Autism: What is it?

OHS senior writes



The following information was provided

by Devin Williams, a senior at
Oneonta High School, who offered the
article as a community service to explain
autism to the public.

This dreadful condition affecting greater and greater numbers of children today is not a contagious disease, but a terrible biological neurological disorder. One in every 91 children have been diagnosed with autism, and there are an estimated one million children in the U.S. with the condition today.

Autism mainly affects a child’s social and behavioral mannerisms and can hit each so differently. A 1988 Oscar-winning film called Rain Man
tells the story of an autistic man, yet there are few people affected with autism who would ever take on the same exact traits, habits, and abilities that actor Dustin Hoffman displayed in the movie. The effects of autism which impact on a child vary over quite a wide and unpredictable range.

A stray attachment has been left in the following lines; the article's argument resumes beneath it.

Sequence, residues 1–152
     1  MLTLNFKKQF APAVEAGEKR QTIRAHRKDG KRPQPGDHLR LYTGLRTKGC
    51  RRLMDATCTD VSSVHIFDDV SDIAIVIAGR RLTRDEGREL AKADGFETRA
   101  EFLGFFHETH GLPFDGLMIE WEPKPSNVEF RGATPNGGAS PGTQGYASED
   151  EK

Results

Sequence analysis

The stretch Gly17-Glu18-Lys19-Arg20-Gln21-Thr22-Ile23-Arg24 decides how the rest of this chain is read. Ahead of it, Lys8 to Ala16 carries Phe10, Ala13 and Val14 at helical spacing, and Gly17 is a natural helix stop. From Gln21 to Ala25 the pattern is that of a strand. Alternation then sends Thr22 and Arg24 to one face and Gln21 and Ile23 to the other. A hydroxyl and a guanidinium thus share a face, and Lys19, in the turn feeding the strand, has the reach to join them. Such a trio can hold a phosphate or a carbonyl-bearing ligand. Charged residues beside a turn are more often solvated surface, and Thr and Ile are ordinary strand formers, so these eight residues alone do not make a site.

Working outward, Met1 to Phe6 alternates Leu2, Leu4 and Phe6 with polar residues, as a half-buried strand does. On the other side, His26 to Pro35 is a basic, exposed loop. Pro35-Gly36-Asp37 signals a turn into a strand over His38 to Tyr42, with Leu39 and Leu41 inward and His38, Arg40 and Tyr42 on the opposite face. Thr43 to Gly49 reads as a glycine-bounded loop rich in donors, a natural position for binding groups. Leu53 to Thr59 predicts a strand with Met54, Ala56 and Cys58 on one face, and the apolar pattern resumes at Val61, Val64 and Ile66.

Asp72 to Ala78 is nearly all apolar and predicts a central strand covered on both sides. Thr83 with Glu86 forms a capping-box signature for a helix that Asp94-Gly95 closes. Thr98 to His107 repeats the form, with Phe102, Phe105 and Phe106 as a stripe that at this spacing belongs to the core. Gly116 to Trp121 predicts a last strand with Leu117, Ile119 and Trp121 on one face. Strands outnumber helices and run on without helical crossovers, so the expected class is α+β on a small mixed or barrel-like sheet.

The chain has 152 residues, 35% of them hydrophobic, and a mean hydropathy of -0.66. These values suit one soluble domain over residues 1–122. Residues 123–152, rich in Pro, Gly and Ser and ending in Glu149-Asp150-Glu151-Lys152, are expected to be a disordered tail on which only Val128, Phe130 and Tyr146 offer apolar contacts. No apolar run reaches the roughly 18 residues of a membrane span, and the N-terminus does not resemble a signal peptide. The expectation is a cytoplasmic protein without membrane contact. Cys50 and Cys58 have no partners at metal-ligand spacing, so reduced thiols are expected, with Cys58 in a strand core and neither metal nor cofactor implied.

The earlier it is diagnosed, the better. As soon as it is found through definite indicators such as seeming deafness to verbal cues, little or no contact, and difficulty in expressing needs, direct and immediate intervention should be taken. Those diagnosed – usually boys, rather than girls – will live out normal lifespans. Some can go on to manage life on their own, while others will always need constant care.

It is certainly treatable, through methods such as diet change, oxygen chamber dives, clay baths, and speech therapy, but the source or explanation for autism is still unsure. Most believe the origin to be a chemical or substance in vaccinations dealt out at a young age.

The more we understand about autism as a community, the better off we are in dealing properly with it by helping the families affected and supporting those who are searching now for a cure.